State Roundup, August 12, 2019

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DELEGATE PUSHES REAL ID BILL: A state delegate is pledging to introduce “emergency legislation” to protect Marylanders whose drivers’ licenses could be seized by police as the state moves to implement federal REAL ID laws, Luke Broadwater of the Sun reports.

HANDGUN BOARD MAY HAVE SKIRTED OPEN MEETINGS LAWS: Pamela Wood of the Sun reports that Maryland’s Handgun Permit Review Board may have violated the state’s open meetings laws — but no one appears to be challenging it. At a July meeting, board members agreed to go into a closed session to hear requests from two handgun owners regarding concealed carry permits. The board hears appeals of Maryland State Police decisions to either deny or restrict concealed carry permits for handgun owners.

STATE COULD FACE TRASH CRISIS: Maryland could soon have nowhere to put its trash, Ian Round of Maryland Matters reports. Two of the state’s incinerators may close in the next several years, following years of pressure from lawmakers and environmental activists. Their closure would amount to the end of incineration in the state — a goal for many environmental groups.

HOGAN RENEWS CALL FOR MANDATORY MINIMUMS: With a Baltimore police officer hospitalized after being shot multiple times, Gov. Larry Hogan renewed his call Friday for longer mandatory minimum sentences against gun offenders. Posting videos on social media sites, Hogan, a Republican, asked the public to call on Democrats in the General Assembly to pass his legislation. It would impose stiffer penalties on a small number of offenders convicted of using a firearm during a crime of violence, Luke Broadwater of the Sun reports.

SHORT HISTORY OF APPOINTED ATTORNEYS PROGRAM: Heather Cobun of the Daily Record writes about the Appointed Attorneys Program, which the General Assembly approved when, in 2013, Maryland’s highest court recognized people’s constitutional right to have an attorney present at their initial court appearance. It’s been a rocky ride for the program and the General Assembly even considered amending the constitution so that it could disband it.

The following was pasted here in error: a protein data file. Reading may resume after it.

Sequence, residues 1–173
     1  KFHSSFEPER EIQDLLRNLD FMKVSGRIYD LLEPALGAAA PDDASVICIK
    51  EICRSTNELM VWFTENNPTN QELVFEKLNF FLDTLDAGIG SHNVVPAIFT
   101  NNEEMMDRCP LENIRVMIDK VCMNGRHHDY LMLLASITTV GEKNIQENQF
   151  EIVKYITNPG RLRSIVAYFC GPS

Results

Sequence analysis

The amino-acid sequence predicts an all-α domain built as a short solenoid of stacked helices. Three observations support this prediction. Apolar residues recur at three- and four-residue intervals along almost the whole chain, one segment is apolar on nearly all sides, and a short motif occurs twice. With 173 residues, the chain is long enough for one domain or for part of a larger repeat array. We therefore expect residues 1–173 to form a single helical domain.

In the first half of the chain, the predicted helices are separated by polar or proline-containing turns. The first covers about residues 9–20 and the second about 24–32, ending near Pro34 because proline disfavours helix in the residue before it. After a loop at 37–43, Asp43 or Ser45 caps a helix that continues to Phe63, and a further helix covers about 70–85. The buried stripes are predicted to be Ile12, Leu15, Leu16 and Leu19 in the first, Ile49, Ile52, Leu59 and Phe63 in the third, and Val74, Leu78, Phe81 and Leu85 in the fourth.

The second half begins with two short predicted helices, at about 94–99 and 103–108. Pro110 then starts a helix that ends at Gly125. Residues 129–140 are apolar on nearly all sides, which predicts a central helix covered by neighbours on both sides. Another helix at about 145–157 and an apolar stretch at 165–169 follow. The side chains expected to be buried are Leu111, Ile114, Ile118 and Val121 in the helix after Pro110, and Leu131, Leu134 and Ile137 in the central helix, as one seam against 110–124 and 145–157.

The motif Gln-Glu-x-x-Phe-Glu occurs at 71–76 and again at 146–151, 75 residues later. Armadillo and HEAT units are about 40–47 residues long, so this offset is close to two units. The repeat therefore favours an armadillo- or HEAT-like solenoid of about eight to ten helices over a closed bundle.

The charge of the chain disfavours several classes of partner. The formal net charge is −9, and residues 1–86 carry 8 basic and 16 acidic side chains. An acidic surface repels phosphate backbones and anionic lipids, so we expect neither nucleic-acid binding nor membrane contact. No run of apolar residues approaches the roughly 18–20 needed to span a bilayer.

WA CO PONDERS LOSS OF FARMLAND TO SOLAR: In the wake of a state appeals court decision that preempts local zoning law, Washington County officials are discussing how to steer large solar farms away from prime farmland, Julie Greene of the Hagerstown Herald-Mail reports. One possibility is notifying developers that if they want a tax discount on a solar farm, they better not put the solar panels in certain areas, Planning and Zoning Deputy Director Jill Baker told the Planning Commission.

COURT SIDES WITH STATE ON RUNOFF REGS: In the latest development in an appeals process that has stretched over multiple years, the Maryland Court of Appeals sided against Carroll County’s objections to runoff pollution regulations in the Chesapeake Bay watershed, reports Catalina Righter in the Carroll County Times.

OPINION: PROTESTING BWI NOISE: In a column for the Sun, Barbara Deckert, a resident of Elkridge for 35 years, opines about the noise levels at BWI, writing that “We are fighting for a return to pre-NextGen flight procedures, with dispersal of flightpaths and higher altitudes. The airport is not going away, no one will lose their job, everyone will still be able to book a cheap flight to Vegas, and the airlines will make plenty of money. There is simply no need to sacrifice our peace, health and property values.”